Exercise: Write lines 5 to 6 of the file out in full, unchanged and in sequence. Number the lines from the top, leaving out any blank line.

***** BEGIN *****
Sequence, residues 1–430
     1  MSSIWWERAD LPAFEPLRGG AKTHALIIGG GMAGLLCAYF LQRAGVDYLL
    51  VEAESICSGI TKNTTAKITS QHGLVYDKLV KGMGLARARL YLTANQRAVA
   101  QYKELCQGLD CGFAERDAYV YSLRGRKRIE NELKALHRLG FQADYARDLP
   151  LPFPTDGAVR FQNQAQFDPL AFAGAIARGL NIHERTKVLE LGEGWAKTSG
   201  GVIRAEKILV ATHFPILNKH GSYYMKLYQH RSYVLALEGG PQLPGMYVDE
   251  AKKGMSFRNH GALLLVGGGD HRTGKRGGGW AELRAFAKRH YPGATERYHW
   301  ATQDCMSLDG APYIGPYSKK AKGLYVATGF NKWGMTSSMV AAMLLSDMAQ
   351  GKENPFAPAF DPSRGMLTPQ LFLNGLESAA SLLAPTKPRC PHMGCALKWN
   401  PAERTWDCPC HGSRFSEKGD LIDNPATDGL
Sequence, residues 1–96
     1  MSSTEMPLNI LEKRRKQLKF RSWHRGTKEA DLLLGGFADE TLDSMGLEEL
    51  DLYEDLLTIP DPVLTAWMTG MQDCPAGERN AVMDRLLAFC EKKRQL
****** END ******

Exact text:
   151  LPFPTDGAVR FQNQAQFDPL AFAGAIARGL NIHERTKVLE LGEGWAKTSG
   201  GVIRAEKILV ATHFPILNKH GSYYMKLYQH RSYVLALEGG PQLPGMYVDE